Few decisions have as much impact on the success of a brand as does the marketing budget.
Peter Drucker, the father of modern business management, stressed this to generations of business executives up until his death in 2005. Coming from the standpoint that marketing creates exceptional value for an organization, he stated, “Because the purpose of business is to create a customer, the business enterprise has two–and only two–basic functions: marketing and innovation. Marketing and innovation produce results; all the rest are costs. Marketing is the distinguishing, unique function of the business.”
While Peter’s wisdom continues to ring true today, it does little to soften the resistance many marketers face when marketing budgets are being determined. It’s this resistance that has driven us to dedicate so much time to educating and preparing marketers for one of the most important internal conversations of the year.
The following insights will prove valuable guides as you think through your approach to securing your marketing budget.
Why do some marketers fail to get the marketing budgets they need? There are at least twelve reasons.
The vast majority of firms still use a top-down budgeting system. Senior managers decide on the total marketing budget for the year and leave marketing to allocate it accordingly. This figure is usually calculated in one of two ways. In its most pathetic form, top-down budgeting involves senior management looking at last year’s budget and then increasing it or decreasing based on expectations of turnover.
The general rule of thumb is that consumer product companies should be spending between 6% and 12% of revenues on marketing, while B2B companies should be spending between 2% and 6% of revenues on marketing.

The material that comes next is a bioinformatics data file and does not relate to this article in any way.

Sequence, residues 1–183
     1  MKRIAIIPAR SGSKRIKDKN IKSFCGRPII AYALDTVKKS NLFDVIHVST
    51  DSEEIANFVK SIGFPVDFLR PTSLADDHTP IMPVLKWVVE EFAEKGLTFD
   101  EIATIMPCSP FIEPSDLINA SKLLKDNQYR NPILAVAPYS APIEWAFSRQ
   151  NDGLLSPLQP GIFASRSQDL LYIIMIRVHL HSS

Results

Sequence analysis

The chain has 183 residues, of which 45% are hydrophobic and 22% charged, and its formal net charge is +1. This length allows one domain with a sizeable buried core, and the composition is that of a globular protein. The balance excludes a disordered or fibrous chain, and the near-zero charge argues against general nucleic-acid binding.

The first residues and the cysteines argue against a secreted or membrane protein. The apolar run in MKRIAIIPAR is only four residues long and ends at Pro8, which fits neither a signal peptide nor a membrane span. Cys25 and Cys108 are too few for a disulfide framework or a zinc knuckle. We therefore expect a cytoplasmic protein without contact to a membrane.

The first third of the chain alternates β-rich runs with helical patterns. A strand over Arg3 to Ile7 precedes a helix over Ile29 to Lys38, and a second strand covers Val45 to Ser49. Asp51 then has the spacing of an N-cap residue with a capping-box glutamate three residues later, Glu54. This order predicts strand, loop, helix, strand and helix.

Often, it is the weaker marketer that lets the finance department muscle in and set their budget.
You should spend more on advertising and marketing if the following conditions exist.
It would be convenient to dismiss the tussle between finance, procurement, purchasing and marketing as “politics”. Unfortunately, it’s a lot more serious than just difference of opinion or even outlook. Because of how they have tended to behave towards each other, both parties have ensured that potentially, huge amounts of money are being left on the table because neither party is fully using their skills to grow the brand to the greatest benefit of the company.
Strong brands have a huge impact on the success of organizations. While researching the benefits of building strong brands we compiled a comprehensive list of proof points based on empirical studies from a variety of sources.
If anyone tells you that brand management is a nonessential cost center, you can rest assured that they have hugely underestimated the financial and business impact of strong brands.
The Blake Project Can Help: Accelerate B2C and B2B Brand Growth Through Powerful Emotional Connections
Branding Strategy Insider is a service of The Blake Project: A strategic brand consultancy specializing in Brand Research, Brand Strategy, Brand Licensing and Brand Education